What was it like being naked in front of Anthony Hopkins?

I find the best thing with Westworld is to dive in and go for it. If you have any apprehension or if you hesitate, it’s not as fun. Evan, Thandie, Rodrigo, all of us, we all at one point or another end up nude on the table talking to people. It’s just part of the beast. It’s part of the character that you’re playing. I don’t know, I guess you learn not to be too shy in this business.

Did you reference any sci-fi films in preparing to play Teddy?

Ex Machina had just come out…the year we did the pilot. I just thought it was a perfect movie; that was my favourite film of that year. I thought it was just classic science fiction. Cerebral, thought-provoking, a good commentary of where we’re going with A.I. and just brilliantly acted and directed. That was just interesting to watch, Alicia Vikander.

We were definitely doing our own thing with Westworld, and Jonah and Lisa had their own thing, their own specific way they wanted to approach playing these characters. Their main direction was “you’re human. Play this as you would a human. If there’s moments where I need you to show you’re a robot, I’ll let you know. If there’s a moment where I want you to register a shift in an idea or a trajectory, I’ll ask for it, and you give me that.” So he’s masterfully coming in and adjusting us here and there. For the most part, you approach these characters as if they were real. They should be indistinguishable from humans.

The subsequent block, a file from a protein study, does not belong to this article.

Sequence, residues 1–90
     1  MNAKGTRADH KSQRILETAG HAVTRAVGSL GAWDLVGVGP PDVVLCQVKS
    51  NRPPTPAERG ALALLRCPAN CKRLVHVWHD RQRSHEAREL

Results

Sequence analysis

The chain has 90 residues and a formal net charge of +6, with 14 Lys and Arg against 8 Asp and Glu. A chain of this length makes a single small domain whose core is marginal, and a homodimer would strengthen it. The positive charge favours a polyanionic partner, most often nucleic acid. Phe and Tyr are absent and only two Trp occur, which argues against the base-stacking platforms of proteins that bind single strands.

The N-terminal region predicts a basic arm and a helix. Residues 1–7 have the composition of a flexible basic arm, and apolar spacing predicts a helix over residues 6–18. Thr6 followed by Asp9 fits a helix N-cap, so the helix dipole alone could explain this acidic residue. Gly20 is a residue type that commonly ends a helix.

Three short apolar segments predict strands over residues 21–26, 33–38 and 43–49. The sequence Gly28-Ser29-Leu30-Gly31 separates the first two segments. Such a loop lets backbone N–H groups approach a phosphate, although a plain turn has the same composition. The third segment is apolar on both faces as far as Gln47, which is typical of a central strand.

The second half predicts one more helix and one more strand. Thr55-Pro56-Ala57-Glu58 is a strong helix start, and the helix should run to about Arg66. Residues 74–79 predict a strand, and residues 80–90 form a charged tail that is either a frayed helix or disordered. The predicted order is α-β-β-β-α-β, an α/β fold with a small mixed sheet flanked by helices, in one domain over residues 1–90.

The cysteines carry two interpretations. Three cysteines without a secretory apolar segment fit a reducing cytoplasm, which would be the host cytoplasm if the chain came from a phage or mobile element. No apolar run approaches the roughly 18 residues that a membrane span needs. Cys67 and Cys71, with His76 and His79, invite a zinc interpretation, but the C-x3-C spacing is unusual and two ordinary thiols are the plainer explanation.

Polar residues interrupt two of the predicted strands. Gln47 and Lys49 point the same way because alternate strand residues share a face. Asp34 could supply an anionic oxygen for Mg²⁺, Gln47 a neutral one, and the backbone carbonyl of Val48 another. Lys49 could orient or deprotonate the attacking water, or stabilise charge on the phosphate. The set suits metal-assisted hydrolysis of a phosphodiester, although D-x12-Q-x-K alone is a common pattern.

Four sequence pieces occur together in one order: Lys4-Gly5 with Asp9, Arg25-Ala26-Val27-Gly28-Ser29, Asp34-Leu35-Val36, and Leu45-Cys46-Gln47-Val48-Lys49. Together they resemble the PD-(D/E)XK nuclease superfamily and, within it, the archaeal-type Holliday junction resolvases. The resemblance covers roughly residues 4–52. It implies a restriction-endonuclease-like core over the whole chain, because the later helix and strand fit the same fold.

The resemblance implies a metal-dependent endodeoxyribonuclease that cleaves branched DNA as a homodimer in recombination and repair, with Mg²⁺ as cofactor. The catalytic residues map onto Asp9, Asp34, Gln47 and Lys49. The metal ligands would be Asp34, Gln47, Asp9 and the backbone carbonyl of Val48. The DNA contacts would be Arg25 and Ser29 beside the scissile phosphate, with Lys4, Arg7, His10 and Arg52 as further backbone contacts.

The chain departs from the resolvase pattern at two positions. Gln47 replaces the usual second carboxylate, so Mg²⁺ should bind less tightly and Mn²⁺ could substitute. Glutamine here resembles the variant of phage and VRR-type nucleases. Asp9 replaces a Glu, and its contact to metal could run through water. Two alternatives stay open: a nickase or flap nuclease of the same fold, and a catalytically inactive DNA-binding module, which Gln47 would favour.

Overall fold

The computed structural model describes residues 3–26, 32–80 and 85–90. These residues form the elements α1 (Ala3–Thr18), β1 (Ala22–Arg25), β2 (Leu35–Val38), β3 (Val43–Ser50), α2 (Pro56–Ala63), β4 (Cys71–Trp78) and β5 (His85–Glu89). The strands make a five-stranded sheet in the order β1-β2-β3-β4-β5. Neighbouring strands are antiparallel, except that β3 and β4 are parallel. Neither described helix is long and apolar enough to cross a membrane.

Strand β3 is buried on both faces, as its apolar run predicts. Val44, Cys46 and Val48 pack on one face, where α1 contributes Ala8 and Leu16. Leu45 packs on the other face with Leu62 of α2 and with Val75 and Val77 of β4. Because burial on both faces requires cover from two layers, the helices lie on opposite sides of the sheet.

What are Jonathan Nolan and Lisa Joy like as showrunners and writers?

Some of the most supportive people I’ve ever worked with. With a show like this, you really need to dive in and take a leap of faith. I think that goes for any project as an actor, it’s all about having trust, and that’s not always something that you feel with a director or a showrunner. You sometimes can question if you have different opinions on how the scene should unfold, and maybe sometimes disagree, but with Jonah and Lisa, we were always in agreement. We would always follow suit, and we knew they had a very specific vision. I just wanted to, every day, give them that.

They’re also some of the most gregarious and wonderfully warm people to work for as well. They’re terrific, and they want this to be as smart, multi-layered and deep as it can be. Sometimes, when you’re making something really special or intricate and complicated, it‘s not easy. That, to me, is the mark of a good show or a good film, or a painting, whatever it is. It’s never going to be easy. I always worry when it’s too easy, if there are no hiccups or bumps along the way, I always get concerned.

They wanted to get it perfect. If you’ve seen the show up until now, you’ll realise that this is a very complicated show. It’s not a show that you can be on your phone texting and chatting with your friends while you’re watching it. You need to pay attention, but when you do, the rewards of that are so big. Audiences are savvy now. They’re smart, and they know how films are made. Jonah wanted to give them something really unique, and I love to be in his field of gravity. I love the way he thinks, I love the way Lisa thinks as well, they want it to be a great show and they take care of their actors, they’re very generous that way. Couldn’t ask to work for better people.

How much did you know of the trajectory of the story, and how much were you kept in the dark?